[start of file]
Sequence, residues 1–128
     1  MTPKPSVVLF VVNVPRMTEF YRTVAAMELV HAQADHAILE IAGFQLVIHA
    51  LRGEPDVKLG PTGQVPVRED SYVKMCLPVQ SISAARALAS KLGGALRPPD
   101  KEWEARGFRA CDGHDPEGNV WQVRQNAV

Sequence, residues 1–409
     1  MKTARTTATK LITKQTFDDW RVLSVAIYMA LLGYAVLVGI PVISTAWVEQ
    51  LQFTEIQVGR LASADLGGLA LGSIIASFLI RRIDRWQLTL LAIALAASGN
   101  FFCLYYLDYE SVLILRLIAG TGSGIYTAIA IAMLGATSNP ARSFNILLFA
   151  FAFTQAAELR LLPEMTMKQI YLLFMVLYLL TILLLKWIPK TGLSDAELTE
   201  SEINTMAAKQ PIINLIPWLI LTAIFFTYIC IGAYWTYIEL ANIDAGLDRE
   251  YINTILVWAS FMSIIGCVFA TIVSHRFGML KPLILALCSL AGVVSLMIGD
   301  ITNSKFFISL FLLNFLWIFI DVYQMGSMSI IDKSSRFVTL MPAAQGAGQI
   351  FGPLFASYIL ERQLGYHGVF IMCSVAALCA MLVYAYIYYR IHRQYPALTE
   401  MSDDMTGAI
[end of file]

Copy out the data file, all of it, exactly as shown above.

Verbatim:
Sequence, residues 1–128
     1  MTPKPSVVLF VVNVPRMTEF YRTVAAMELV HAQADHAILE IAGFQLVIHA
    51  LRGEPDVKLG PTGQVPVRED SYVKMCLPVQ SISAARALAS KLGGALRPPD
   101  KEWEARGFRA CDGHDPEGNV WQVRQNAV

Sequence, residues 1–409
     1  MKTARTTATK LITKQTFDDW RVLSVAIYMA LLGYAVLVGI PVISTAWVEQ
    51  LQFTEIQVGR LASADLGGLA LGSIIASFLI RRIDRWQLTL LAIALAASGN
   101  FFCLYYLDYE SVLILRLIAG TGSGIYTAIA IAMLGATSNP ARSFNILLFA
   151  FAFTQAAELR LLPEMTMKQI YLLFMVLYLL TILLLKWIPK TGLSDAELTE
   201  SEINTMAAKQ PIINLIPWLI LTAIFFTYIC IGAYWTYIEL ANIDAGLDRE
   251  YINTILVWAS FMSIIGCVFA TIVSHRFGML KPLILALCSL AGVVSLMIGD
   301  ITNSKFFISL FLLNFLWIFI DVYQMGSMSI IDKSSRFVTL MPAAQGAGQI
   351  FGPLFASYIL ERQLGYHGVF IMCSVAALCA MLVYAYIYYR IHRQYPALTE
   401  MSDDMTGAI